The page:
10.5oz Lindt 85% dark chocolate (three 3.5 oz bars)

2 cups Rice Krispies cereal

3 cups Rice Chex cereal

Make it Happen:

1. Put the Rice Chex into a ziploc bag and roll a rolling pin over it to crush it. Set aside.

2. Get a cookie sheet that has sides; line it with wax paper.

2. Chop the chocolate finely and place it into a bowl.

3. In a double-boiler set on a low temp (and with a small amount of water in the bottom of the double boiler), add a tablespoon of the chocolate to make sure the pan is hot enough for melting the chocolate. Once that’s assured, add a cup or so of the chocolate at a time, mixing it in thoroughly to coat it with the melted chocolate. Stir continuously with a spatula.

4. Once all of the chocolate has been melted, pour half of it into the cookie sheet. Use a spatula to distribute it around the sheet evenly.

5. Sprinkle the “krunch” mix over the chocolate until it’s fairly evenly coating the chocolate.

6. Pour the remainder of the chocolate onto the sheet, pouring it to distribute it as evenly as possible.

7. Place the cookie sheet into the fridge and let it cool/set for 3-4 hours, until it’s no longer liquid.

8. Overturn the bark onto a cutting board (or just pick it up by the wax paper and move it to a cutting board). Roughly break it up using a heavy knife, like a butcher knife.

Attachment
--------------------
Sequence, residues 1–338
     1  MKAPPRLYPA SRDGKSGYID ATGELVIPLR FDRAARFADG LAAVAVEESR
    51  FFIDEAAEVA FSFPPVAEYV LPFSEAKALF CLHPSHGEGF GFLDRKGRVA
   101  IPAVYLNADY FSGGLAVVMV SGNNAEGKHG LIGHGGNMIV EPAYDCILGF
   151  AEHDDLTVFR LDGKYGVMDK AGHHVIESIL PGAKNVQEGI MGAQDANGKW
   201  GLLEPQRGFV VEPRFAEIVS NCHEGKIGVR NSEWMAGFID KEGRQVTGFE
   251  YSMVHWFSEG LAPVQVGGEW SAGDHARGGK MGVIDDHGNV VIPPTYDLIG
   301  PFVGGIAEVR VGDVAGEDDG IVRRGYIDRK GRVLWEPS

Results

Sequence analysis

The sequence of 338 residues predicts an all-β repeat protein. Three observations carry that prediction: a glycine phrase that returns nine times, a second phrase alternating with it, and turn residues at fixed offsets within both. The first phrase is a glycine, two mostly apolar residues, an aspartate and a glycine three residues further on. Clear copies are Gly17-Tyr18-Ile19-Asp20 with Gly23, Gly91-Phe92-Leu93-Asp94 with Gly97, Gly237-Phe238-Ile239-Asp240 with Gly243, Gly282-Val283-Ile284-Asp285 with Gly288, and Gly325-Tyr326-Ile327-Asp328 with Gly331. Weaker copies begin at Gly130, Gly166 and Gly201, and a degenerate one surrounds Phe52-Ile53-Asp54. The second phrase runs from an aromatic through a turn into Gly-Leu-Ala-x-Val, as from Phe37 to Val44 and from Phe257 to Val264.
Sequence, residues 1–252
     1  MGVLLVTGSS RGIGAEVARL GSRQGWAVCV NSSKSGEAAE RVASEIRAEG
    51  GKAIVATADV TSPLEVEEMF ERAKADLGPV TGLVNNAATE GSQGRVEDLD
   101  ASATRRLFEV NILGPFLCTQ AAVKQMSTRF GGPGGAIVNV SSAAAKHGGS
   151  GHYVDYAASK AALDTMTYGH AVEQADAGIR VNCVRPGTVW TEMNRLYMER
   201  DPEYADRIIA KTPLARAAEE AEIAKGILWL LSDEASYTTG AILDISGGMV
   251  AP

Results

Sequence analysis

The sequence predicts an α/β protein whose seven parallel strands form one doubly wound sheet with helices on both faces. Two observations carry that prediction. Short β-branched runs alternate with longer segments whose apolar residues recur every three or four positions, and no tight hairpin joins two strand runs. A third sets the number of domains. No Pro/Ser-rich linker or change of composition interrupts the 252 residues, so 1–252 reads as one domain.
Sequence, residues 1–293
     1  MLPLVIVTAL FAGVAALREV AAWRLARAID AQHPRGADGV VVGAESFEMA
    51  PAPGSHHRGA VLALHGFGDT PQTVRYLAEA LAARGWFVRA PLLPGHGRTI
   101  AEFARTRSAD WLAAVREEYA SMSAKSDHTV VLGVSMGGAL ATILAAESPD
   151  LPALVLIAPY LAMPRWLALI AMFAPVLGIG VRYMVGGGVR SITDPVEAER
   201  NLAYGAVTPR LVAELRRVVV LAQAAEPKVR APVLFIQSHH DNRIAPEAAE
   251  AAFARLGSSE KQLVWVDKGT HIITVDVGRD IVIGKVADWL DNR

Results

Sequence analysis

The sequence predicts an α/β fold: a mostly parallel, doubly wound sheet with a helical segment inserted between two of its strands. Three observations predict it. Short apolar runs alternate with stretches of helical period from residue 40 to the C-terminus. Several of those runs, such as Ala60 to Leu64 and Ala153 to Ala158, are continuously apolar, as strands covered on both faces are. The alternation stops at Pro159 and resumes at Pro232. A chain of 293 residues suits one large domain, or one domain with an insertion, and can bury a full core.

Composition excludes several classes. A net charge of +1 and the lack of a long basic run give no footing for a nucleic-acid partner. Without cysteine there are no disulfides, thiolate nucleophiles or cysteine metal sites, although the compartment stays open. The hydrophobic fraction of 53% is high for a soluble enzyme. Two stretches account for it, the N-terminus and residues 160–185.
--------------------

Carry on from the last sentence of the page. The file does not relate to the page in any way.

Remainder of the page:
9. Store in a wax paper-lined container, like a cookie tin. Store in the fridge when not going OMNOMNOM.

Note: if you are the type of person who wants to mix up your chocolates – milk and dark, white and milk, white & dark, etc. – go for it. Make sure you melt them separately and clean the top of the double boiler in between meltings. The big concern here is that if you don’t remove every speck of moisture from that top pot before putting in the chocolate, your chocolatey goodness will seize. Seizing is bad and to be avoided at all costs. Alternately, you can melt one chocolate on the stove and another in the microwave – just watch BOTH carefully. And remember that white chocolate is mostly cocoa butter and won’t melt the same way as other chocolates but WILL seize with impunity at the drop of a hat.